De Sena “Not really into it for the elites, people who do that will have to do something else if they wants to race in the first heat”
ORM “What about just marking up your face”
De Sena “As long as it looks professional. Certainly NFL players put stuff on their face, but we don’t want them looking like Mickey Mouse”
ORM What about people running in Speedos?
“Not into it, there are beaches all over the world they can go to”
What do you think? Do you care one way or another? Does this affect you? Do you think TV viewers would be turned off by this non traditional attire?
Matt B. Davis
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It’s his company and he can do what he wants with it. But remember who helped make the company, the racers. Those in costume and out of costume.
Honestly, I think for a sport to be taken more seriously than, say, WWE, that there needs to be some semblance of professionalism on the starting line – so I think this is a smart move. There’s a reason guys like Michael Jordan and Deion Sanders look like a million bucks at press conferences and have everything dialed in on their game day uniforms…
…as Deion said…”If you look good, you feel good. If you feel good, you play good. If you play good, they pay good.”
So now the big question is what constitutes “costume” If Mike Tyson wants to Run a with the Elites is his Face tattoo acceptable? How bout Ella’s hair cut? Can I run with a Mohawk?
To be honest I see it as leaving behind the little people who made the sport what it is in order to get into the Olympics.
If the top racers showed up in strange outfits on Saturday it may increase,not decrease interest. I respect the need for professionalism,but in the elite heats this is not a team sport,and therefore should not be compared to the NFL. Even the most conservative of sports(tennis,golf) have expanded in their creative looks for years. Toe the line and kick some ass is what this race is about. Not being told a dress code is not.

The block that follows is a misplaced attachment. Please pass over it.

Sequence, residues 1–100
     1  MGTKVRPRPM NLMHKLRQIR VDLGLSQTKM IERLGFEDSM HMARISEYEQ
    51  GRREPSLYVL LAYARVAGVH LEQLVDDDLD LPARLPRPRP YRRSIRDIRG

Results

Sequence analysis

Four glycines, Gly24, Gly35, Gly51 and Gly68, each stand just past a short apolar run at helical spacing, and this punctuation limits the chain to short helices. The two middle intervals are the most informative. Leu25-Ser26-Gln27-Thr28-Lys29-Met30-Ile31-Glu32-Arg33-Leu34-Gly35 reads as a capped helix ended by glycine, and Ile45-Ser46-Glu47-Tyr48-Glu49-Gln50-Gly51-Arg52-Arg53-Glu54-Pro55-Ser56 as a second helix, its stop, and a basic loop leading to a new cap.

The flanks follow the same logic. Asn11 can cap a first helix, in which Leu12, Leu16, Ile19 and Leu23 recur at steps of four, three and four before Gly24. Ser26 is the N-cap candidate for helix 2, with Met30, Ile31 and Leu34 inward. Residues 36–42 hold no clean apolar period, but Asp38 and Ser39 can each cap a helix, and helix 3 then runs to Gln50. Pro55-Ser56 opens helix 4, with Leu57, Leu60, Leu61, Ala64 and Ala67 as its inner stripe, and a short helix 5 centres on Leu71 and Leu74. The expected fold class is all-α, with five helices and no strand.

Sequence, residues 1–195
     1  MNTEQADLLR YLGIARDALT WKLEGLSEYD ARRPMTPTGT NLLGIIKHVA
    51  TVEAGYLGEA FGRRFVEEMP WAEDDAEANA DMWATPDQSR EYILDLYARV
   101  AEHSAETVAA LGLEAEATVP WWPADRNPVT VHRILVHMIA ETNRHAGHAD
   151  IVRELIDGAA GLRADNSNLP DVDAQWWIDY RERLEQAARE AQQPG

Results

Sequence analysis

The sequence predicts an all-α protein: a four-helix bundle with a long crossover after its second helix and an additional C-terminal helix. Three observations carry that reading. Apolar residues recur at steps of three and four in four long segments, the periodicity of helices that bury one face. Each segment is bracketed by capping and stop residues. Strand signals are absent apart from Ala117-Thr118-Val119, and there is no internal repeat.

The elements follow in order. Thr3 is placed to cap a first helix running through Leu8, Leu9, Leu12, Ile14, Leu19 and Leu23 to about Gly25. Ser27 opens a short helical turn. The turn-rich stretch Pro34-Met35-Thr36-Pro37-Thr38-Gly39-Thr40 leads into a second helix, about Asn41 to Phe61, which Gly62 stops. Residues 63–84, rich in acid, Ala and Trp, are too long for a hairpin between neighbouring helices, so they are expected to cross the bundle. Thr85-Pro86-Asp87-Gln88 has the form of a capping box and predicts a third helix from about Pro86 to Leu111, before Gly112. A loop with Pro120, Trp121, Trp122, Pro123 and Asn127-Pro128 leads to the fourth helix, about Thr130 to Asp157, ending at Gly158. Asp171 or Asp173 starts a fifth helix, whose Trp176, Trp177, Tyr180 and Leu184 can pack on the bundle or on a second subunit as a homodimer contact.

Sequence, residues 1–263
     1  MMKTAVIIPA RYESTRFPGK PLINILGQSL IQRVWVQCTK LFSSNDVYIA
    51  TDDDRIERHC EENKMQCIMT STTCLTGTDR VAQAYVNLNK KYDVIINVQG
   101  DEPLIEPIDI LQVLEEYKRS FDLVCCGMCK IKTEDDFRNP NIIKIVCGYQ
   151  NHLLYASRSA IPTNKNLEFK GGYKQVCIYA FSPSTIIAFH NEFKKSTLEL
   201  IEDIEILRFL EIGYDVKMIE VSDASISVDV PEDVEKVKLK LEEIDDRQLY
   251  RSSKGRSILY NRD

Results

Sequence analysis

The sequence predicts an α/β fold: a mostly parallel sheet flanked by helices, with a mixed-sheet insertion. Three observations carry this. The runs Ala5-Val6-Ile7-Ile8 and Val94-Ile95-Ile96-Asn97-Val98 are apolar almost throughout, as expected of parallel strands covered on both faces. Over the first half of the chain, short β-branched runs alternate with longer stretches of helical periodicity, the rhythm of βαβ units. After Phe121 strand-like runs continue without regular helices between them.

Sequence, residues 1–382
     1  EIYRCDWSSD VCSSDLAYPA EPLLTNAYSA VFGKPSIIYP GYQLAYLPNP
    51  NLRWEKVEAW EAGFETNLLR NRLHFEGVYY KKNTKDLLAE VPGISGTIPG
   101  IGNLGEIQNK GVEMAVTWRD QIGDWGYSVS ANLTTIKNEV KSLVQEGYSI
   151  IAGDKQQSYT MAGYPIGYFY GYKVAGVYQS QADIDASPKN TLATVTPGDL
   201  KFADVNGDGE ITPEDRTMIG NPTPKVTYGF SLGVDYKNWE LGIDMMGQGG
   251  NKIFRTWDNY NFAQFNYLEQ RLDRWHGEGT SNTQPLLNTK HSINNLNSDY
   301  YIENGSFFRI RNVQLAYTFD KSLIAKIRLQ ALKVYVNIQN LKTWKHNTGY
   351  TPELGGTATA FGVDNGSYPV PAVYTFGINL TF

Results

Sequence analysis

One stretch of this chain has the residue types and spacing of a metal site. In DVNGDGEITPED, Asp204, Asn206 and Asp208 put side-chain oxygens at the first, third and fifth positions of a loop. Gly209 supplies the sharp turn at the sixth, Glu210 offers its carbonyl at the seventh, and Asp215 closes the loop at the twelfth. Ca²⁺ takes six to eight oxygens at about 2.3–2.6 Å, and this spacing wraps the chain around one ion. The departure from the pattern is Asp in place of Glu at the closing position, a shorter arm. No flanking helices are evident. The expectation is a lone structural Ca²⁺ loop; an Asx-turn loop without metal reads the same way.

It’s only the Elite Heat. The top athletes are, literally, racing for money (not much, but there is a monetary reward), which makes them “professionals”. This has no impact on the Open Heats. At Citi Field, 220 people ran in the 7am Elite Heat compared to the 6,924, who ran in Open Heats. Elites accounted for only 3% of Runners. All Spartan Rules are strictly enforced during the Elite Heats, already, this doesn’t change anything. And I’ve never seen a costume on the Podium at a Spartan Race.
I am dissallussioned and disappointed by Desena’s comments. I thought the spirit of this sport and it’s promoters were different (and more interesting) than that.
Completely agree with Doug Sahr –
Here it is ““Not into it, there are beaches all over the world they can go to”. Joe wants to make this specifically the elite heat look professional and act professional so wear some compression shorts, leggings or running shorts. Speedo’s improve performance??? Give me a break, they improve your performance in a swim, they don’t do ANYTHING in OCR, “Bowtie” is right about it being a gimmick. Deater is the only one being mature about the whole thing. If you want to run around in a Speedo, a costume or other fun loving things that what the open heat is for. As for Stephen his body paint takes HOURS it is a work of art done by a professional for promotional and artistic purposes. All the rest grow up and let those who are actually there to compete and help this sport grow do their jobs.
I don’t like the fact that he said about Speedos”Not into it. there’s beaches all over the world They can go to” People don’t train,prepare and Pay to go to the beach Mr. little man syndrome Desena. You sir might be a badass physically but your attitude towards your most eye-catching racers who are the main reason anyone even knows about these races is just sad. They pay extra for it and should be able run however they want.Spartan was my favorite but i will not back a company that tells its customers that they can basically piss off.
This sport is being defined as we speak so who is to say what defines the dress attire other than the very people who have been participating and making ocr popular. I understand some of the costumes I have seen in races are a bit much for tv but body paint and professional speedos should fall within the approved attire.